Scents at your outlet will raise customers’ spending

Consumers are willing to pay more for a product if they like the scent in a particular store. PHOTO | Suleiman Mbatiah
Consumers are willing to pay more for a product if they like the scent in a particular store. PHOTO | Suleiman Mbatiah 

Floral scents increase buying by consumers, according to new research, driving moves worldwide to place scents in stores and products.

“Smell is the strongest sense tied to memory and emotion. It can create instant connections between a brand and a consumer, thus creating a lasting impression.

‘‘If a customer likes the way a particular store smells even as they are walking past it, they will be enticed to enter, walk round the store and, most likely, make a purchase, even if they had no intention to do so,” said Julie Githire, Managing Director of SixSense Marketing, an experiential marketing agency.

Indeed, research by the 2004 Nobel Prize winners in Physiology or Medicine, Richard Axel and Linda Buck, on how the olfactory system works found that smell is the most emotional sense and that a unique odour can elicit distinct memories from one’s childhood or from emotional moments — positive or negative — for many years afterwards, and even across a lifetime.

In this, “by registering particular scents in our memory, we form a bias towards a brand and we are most likely inclined to spend more when we are in that particular store,” said Githire.

Her statement ties in with a study conducted by the US Smell and Taste Research Foundation on the effects of smell on store perception, which found that consumers are willing to pay more for a product if they like the scent in a particular store.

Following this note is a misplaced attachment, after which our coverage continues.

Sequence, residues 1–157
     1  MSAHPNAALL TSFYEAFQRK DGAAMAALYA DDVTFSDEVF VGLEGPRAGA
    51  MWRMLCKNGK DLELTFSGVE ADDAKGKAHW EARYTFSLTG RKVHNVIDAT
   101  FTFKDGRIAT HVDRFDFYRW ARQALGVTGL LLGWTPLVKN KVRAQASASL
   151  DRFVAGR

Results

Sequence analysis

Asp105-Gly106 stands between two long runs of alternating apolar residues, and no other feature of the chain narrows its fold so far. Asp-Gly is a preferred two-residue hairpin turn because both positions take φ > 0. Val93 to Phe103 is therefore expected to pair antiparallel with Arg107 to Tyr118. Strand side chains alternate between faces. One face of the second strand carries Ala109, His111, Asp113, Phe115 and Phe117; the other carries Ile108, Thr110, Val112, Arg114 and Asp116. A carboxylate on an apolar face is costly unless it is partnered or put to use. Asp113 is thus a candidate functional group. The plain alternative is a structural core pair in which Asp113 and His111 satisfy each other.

“We placed Nike sneakers in two different rooms, one with unscented air, the other scented with a mixed floral smell. Eighty four per cent of individuals in the floral scented room said they were more likely to buy the shoes and 10 per cent were even willing to spend $10 (Sh1,030 more) more for the shoes,” said Dr Alan Hirsch, director at the research foundation in the study report.

“Interestingly, many of the subjects in the scented room said that they could not even tell that the floral scent was present, but they still liked the shoes in that room better. It is clear that smells affect our perceptions and purchase behaviour even if we cannot smell them consciously.”

Besides floral scents, research has found that consumers will spend more in a store that incorporates simple scents such as an orange or vanilla, as opposed to ‘‘complicated’’ ones, like orange-basil blended with green tea or even peppermint.

“Simple scents are more effective when consumers are shopping, we found that they tend to spend 20 per cent more money in a store when they had shopped in the presence of a simple scent,” said Eric Spangenberg, a marketing professor and dean of the Washington State University College of Business, in a report on how scents influence retail sales.

“We found that such scents are more easily processed by our brains, freeing the customer’s mind to focus on shopping.

‘‘But when that bandwidth is unavailable or when a complicated smell is introduced, customers do not perform cognitive tasks as effectively, this is because most people are processing it at an unconscious level, but it is impacting their decisions.

‘‘The important thing from the retailer’s perspective and the marketer’s perspective is that a pleasant scent is not necessarily an effective scent.”
Spangenberg also found that when feminine scents, such as vanilla, are incorporated in a clothing store, sales of women’s clothes doubled and the same applies in men’s clothing store when masculine scents such as rose marc are used.

“Men will not linger in a store that smells feminine and women will not dwell in a store that smells masculine,” he said.